Coursework Questions Macbeth

Macbeth has not committed himself to this sin and to independence, he has not broken the commitatus bond that exists between the king and thane.

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In positioning the witches within such manner to an audience that during the Elizabethan era believed in such supernatural power Shakespeare is effectively conveying to the audience the controlling force that power posses over anyone.

We would not expect such a noble warrior to succumb such power and commit acts of treason, thus positioning them conform to the rigidity of the natural order as even the greatest can fall.

Lady Macbeth and Macbeth each experiment with external forces to gain independence from their spouse.

Macbeth uses the witches, on which he becomes increasingly dependent.

Macbeth - Independence And Failure Peasants of the early sixteenth century are often pictured carrying a bundle of limbs tied with vines on their backs.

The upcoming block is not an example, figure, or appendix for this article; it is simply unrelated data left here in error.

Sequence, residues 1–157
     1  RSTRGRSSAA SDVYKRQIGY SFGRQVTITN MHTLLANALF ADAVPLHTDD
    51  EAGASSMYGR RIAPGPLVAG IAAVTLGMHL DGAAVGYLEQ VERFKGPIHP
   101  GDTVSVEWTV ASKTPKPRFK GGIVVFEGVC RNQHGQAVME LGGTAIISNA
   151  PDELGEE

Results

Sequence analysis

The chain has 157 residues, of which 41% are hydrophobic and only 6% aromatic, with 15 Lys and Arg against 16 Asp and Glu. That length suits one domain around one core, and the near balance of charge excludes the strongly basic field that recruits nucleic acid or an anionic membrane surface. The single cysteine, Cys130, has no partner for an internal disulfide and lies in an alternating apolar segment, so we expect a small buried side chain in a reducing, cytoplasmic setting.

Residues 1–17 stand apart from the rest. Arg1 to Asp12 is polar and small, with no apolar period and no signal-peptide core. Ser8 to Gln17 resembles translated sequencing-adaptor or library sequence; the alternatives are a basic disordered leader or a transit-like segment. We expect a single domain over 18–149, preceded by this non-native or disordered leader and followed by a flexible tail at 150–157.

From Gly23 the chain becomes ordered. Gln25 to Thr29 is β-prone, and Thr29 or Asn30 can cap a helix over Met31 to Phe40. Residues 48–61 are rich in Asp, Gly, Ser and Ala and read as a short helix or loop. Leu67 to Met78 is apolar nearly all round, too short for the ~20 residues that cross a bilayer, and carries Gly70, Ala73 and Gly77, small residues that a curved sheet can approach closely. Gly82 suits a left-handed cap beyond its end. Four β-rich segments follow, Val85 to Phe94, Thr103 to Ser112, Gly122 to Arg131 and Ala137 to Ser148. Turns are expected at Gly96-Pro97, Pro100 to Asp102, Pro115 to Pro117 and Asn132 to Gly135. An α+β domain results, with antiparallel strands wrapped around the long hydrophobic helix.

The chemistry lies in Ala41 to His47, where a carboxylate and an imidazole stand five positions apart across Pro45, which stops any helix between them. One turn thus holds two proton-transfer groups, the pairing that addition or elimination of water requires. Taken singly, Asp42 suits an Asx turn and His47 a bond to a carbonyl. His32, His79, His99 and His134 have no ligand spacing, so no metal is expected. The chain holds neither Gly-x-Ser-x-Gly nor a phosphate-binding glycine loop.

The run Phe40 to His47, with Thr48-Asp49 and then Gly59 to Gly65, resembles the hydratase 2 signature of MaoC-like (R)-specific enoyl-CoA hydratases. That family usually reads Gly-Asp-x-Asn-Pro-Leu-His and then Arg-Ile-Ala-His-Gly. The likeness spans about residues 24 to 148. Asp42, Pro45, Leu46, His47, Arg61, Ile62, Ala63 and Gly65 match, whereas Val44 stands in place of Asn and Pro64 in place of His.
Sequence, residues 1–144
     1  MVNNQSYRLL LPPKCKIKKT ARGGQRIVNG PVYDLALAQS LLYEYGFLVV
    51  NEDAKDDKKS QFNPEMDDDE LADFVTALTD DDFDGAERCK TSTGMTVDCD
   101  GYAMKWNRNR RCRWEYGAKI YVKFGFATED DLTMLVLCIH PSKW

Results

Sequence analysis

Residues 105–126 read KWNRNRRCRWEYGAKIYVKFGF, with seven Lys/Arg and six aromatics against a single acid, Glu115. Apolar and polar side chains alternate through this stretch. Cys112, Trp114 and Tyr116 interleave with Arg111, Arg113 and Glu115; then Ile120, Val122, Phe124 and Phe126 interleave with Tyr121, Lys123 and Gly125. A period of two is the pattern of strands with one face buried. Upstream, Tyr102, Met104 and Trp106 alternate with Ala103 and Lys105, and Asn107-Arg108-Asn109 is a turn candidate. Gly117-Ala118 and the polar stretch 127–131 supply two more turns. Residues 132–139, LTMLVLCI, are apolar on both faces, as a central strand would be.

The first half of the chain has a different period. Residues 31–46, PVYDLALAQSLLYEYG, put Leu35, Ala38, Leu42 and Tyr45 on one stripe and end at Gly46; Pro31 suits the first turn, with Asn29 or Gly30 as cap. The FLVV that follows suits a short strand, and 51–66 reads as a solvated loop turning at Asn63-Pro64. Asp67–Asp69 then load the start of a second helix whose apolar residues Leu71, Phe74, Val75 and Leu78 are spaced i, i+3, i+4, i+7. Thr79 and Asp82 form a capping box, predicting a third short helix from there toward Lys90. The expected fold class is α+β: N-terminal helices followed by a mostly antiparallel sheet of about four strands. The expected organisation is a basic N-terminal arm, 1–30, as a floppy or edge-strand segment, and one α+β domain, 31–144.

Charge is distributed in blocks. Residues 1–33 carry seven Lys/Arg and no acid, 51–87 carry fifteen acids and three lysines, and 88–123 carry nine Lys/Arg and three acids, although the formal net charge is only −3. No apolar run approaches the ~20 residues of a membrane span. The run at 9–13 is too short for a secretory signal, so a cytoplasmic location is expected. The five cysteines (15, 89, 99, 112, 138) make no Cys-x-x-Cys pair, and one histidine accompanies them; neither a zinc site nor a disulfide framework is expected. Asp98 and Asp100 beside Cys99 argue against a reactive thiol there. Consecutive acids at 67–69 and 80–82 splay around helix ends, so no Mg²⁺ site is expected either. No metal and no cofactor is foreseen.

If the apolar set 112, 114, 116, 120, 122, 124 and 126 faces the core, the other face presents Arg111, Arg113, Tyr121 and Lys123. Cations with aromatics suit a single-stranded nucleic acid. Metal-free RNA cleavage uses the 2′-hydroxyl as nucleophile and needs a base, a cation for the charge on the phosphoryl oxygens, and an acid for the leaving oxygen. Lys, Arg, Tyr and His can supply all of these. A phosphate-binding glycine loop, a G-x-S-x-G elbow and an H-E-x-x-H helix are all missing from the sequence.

This is a perfect metaphor for the events in Macbeth."When we first see him [Macbeth] he is already invaded by those fears which are to render him vicious and which are finally to make him abominable" (Van Doren 216).At the end of Act I, Lady Macbeth and Macbeth are discussing whether or not to assassinate the king (I, ii).In William Shakespeare’s Macbeth how is power portrayed and for what purpose does it serve?In William Shakespeare Macbeth the composer emphasizes the controlling force that power possesses over another being.Macbeth is one of many thanes, or limbs, bundled together. Scotland, or the peasant, carries the bundle by the sweat of his brow.They carry the bundle for fires on cold nights, or wars, and to build homes, or castles, to protect them from the elements, or invaders.According to Webster's dictionary, the archaic definition of independence is "competence" (1148).To be independent is not to be "subject to control by others" (Gove 1148).Macbeth needs this strength: It [Macbeth] hurls a universe against a man, and if the universe that strikes is more impressive than the man who is stricken, as great as his size and gaunt as his soul may be he will fall.(Van Doren 217)According to Macbeth's ideas of independence and of strength, he is neither independent nor strong.

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